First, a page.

Monday 25 March 2019
Housing, Communities and Local Government
Bedfordia Farms planning application for a high intensity chicken farm should be refused
The Humble Petition of the residents of Rushden, Northamptonshire and the surrounding areas,
That the Petitioners believe that proposed Bedfordia Farms planning application for high intensity chicken farm should be refused on the grounds of increased pollution, foul odour, effect on local house prices, increased traffic volume; and further that similar farms have a poor record on animal welfare.
Wherefore your Petitioners pray that your hon. House urges the Department of Environment, Food and Rural Affairs, the Department for Communities and Local Government, Northamptonshire County Council and East Northamptonshire Council to take in account the concerns of the petitioners and refuse to grant the planning application for a high intensity chicken farm to Bedordia Farms.
And your Petitioners, as in duty bound, will ever pray, etc.—[Presented by Mr Peter Bone , Official Report, 12 March 2019; Vol. 656, c. 314 .]
Observations from the Minister for Housing (Kit Malthouse):
East Northamptonshire Council is responsible for the day-to-day planning in their area. The Government’s policy is not to interfere with the jurisdiction of a local planning authority unless it is necessary to do so. This is because local authority councillors are elected to represent the views of local people and, in the main, it is these councillors who are in the best position to decide whether a development should go ahead. In determining a planning application the local planning authority are required to have regard to all material considerations including the development plan, national policies and views expressed by third parties. It is, of course, for local planning authorities to provide whatever justification that it may be appropriate to give for their decisions and procedures.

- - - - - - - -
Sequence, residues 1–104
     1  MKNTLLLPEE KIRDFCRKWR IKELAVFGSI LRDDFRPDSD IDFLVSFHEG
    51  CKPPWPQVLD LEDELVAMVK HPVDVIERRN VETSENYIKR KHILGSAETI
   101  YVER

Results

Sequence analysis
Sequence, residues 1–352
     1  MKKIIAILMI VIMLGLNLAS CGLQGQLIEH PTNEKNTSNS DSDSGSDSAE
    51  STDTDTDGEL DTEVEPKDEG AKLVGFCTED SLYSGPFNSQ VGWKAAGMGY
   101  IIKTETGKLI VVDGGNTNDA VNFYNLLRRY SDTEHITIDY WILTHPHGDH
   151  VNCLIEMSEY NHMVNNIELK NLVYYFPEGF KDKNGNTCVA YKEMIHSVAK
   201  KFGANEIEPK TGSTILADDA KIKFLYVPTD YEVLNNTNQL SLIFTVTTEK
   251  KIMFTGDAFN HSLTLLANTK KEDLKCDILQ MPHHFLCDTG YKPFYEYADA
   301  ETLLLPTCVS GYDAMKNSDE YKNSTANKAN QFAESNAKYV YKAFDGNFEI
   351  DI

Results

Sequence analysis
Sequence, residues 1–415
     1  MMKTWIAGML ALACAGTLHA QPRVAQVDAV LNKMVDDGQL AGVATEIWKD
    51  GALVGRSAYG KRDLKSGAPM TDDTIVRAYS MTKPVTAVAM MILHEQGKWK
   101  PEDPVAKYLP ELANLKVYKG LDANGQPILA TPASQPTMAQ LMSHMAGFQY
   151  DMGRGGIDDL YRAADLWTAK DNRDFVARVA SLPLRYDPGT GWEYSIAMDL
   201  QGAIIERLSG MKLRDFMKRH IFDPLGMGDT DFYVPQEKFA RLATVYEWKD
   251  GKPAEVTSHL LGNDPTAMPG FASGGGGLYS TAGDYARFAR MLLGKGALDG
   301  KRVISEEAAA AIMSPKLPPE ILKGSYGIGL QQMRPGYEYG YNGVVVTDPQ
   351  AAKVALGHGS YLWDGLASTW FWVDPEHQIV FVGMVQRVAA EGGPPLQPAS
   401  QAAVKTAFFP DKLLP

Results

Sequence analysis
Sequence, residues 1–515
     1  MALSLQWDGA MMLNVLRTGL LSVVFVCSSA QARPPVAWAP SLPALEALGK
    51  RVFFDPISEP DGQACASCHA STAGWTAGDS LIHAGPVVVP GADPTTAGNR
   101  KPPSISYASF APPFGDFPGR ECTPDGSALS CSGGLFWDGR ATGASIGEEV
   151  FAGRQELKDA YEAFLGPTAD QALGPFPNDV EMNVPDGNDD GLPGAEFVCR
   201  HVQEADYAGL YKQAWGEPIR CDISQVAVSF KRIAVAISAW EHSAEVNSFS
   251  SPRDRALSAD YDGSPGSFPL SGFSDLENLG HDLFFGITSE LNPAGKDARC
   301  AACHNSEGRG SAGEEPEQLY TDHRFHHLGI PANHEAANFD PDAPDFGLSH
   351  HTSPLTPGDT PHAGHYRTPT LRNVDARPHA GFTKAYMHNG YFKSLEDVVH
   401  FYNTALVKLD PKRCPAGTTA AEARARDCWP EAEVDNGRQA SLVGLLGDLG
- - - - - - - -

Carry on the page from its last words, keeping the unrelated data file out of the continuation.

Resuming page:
Should the Secretary of State receive a request to call in a planning application, he would only begin to consider if call-in is appropriate once the planning application has been determined by the local planning authority and they are minded to approve. The Secretary of State will, in general, only consider the use of his call-in powers if planning issues of more than local importance are involved. Such cases may include, for example, those which in his opinion:
may conflict with national policies on important matters;
may have significant long-term impact on economic growth and meeting housing needs across a wider area than a single local authority;
could have significant effects beyond their immediate locality;
give rise to substantial cross-boundary or national controversy;
raise significant architectural and urban design issues; or
may involve the interests of national security or of foreign Governments.